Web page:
“Converts were given accommodation and girls were lured to convert by a gift of 50 scudi for a dowry so that they could marry. The church found for them a suitable Christian partner. Those who did not marry became nuns.

“So it was that 40 nuns (converts from Judaism) came to live on the ruins of a church that had once openly displayed evidence of friendship between the Romans and the Jews.”

The article isn’t out yet (not until August, apparently), but there is an abstract (I believe) at Dr Zollschan’s Academia.edu page:

I think we have to read the article on this one before passing judgement …

Also Seen: Ass-Kicking Athletes of Antiquity

I’ve been meaning to mention this series by Karl Smallwood over at Man Cave Daily, which are written somewhat tongue-in-cheek and not with the historical accuracy/focus we might be used to. There are also images in the sidebars which might not sit well with some folks. Still, you might want to check out:

Dragon and Dolphin (nope) Mosaic From Monasterace

This one is potentially very interesting … most of the coverage comes from ANSA-related outlets in various languages, so here’s the English coverage from Gazzetta del Sud:

Students on an archaeological dig near the southern Italian town of Monasterace have uncovered an important and ancient mosaic, authorities said Tuesday. The large mosaic, likely of ancient Greek origins, was discovered near another major find announced last fall by archaeologist Francesco Cuteri. Cuteri says he is pleased that students from Argentina and Italy made the latest mosaic discovery, which he added is an important find. “The discovery is of extraordinary importance because it is the largest Hellenic mosaic of Magna Grecia (an area of southern Italy),” he said. The mosaic, depicting dragon and dolphins, may date from the Hellenistic period, which ran from about 323 BC to about 146 BC. Work on the excavation began in 1998 and last year had already led to the discovery of a mosaic depicting a dragon, a rosette and six panels with floral motifs. Cuteri said work is far from finished. “We are confident….we can find at least two other panels,” he said, adding the new area has been dubbed ‘the hall of dragons and dolphins’. “We have worked on this excavation for 15 years and now what emerges fills us with joy”.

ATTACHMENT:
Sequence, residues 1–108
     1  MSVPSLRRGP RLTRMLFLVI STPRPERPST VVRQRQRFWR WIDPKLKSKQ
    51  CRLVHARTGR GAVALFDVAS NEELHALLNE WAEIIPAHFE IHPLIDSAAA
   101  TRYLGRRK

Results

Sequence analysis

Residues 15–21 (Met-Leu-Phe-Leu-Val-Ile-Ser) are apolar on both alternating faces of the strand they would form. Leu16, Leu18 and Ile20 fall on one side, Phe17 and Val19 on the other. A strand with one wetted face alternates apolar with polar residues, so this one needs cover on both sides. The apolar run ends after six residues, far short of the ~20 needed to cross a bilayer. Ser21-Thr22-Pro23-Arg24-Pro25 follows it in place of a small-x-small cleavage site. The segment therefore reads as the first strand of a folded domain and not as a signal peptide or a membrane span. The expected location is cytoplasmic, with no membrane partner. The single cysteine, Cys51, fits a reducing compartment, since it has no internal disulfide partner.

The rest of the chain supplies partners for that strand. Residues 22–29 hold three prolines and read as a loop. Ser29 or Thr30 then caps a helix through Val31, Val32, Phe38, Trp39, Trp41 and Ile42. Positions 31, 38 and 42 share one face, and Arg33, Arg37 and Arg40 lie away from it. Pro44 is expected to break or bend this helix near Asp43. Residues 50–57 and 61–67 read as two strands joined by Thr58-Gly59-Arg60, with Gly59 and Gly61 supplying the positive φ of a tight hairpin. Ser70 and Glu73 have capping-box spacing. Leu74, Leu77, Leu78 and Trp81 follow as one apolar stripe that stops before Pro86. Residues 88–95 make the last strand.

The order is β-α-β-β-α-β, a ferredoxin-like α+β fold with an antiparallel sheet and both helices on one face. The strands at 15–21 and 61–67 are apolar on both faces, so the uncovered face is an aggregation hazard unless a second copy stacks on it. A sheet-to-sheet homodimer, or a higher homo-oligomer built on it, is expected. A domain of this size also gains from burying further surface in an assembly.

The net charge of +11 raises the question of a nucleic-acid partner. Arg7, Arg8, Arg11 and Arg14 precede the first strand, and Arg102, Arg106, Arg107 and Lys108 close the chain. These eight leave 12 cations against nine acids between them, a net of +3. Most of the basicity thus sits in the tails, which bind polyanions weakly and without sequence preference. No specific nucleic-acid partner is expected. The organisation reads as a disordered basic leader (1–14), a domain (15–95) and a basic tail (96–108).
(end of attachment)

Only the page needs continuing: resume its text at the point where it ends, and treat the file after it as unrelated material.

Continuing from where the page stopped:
That said, I don’t understand why all the ANSA coverage includes what isn’t exactly the greatest photo available, i.e.:

via Gazzetta del Sud

Corriere della Calabria includes one that’s a bit more clear:

via Corriere della Calabria

… which raises a question: does the ‘dragon’ interpretation come via the first photo, which has something on top of it which makes it look like there are two creatures? So we’ll track down another photo (actually, the whole set, it seems):

via Mondo Tempo Reale

Seems we ain’t dealing with dolphins or dragons. Those are good old-fashioned Hippocampi/oi, no?

UPDATE (an hour or so later): definitely an argument for the benefits of caffeine … when the caffeine hit, I remembered we mentioned an earlier phase of this back in September: Hellenistic Mosaic From Monasterace … check out the photo there. How are they getting dragons and dolphins from this????

UPDATE II (a couple days later): tip o’ the pileus to the Random Classicist who wrote in to remind me of the beastie known as the Cetus, the foe of Perseus which I had totally forgotten about. Here’s an example of a Cetus image from the Classical Art Research Centre (a mosaic from Tunis) :

… so the thing I was calling a Hippocamp is clearly a Ketos/Cetus. Are they considered dragons? Or is that just something that happened during translation?

UPDATE III (the next day): Tip o’ the pileus to John Dillon, who also sent in some very useful comments:

_Ketos_ seems to be the contemporary term of choice among art historians for sea beasties of this form, though one still encounters _pistrix_ (and, in Italian, its derivative _pistrice_). Joseph Fontenrose (Python_, pp. 288-306) is helpful here, esp. pp. 288-89 and fig. 25 on p. 305; cf. also Barbette Stanley Spaeth, _The Goddess Ceres_, p. 135, and J. M. Blanquez, “Grifos y ketoi en mosaicos de Italia, Hispania, Africa y el Oriente”, in Nicole Blanc and André Buisson, edd., _Imago Antiquitatis_ (Paris, 1999), pp. 119-28; figs. 1-9. In Italian they’re conceived of as a sea serpent and thus as a sort of _drago_ and are popularly called by that latter term (_ketos_ and _pistrix_ both being far too specialized for a general audience). Since English _dragon_ tends to signify a four-legged, terrestrial creature, a better translation of _drago_ in this context would be _sea dragon_.

A few further ancient and medieval _ketoi_:
1) A red-figure vase in the Museo Jatta in Ruvo di Puglia [but how much of this is down to a modern restorer?]

2) The sea wind (at right) on the Ara Pacis Augustae:

3) Jonah and the “whale” in mosaic on the epistle ambo (said to be earlier C12 but I’d check to see what Jill Caskey has to say before repeating this standard dating) in the cathedral of Ravello:

4) Detail of the later C12 mosaic floor of the cathedral of Otranto:

5) At far left, on the probably earlier C13 mosaic frieze on the cathedral of Terracina: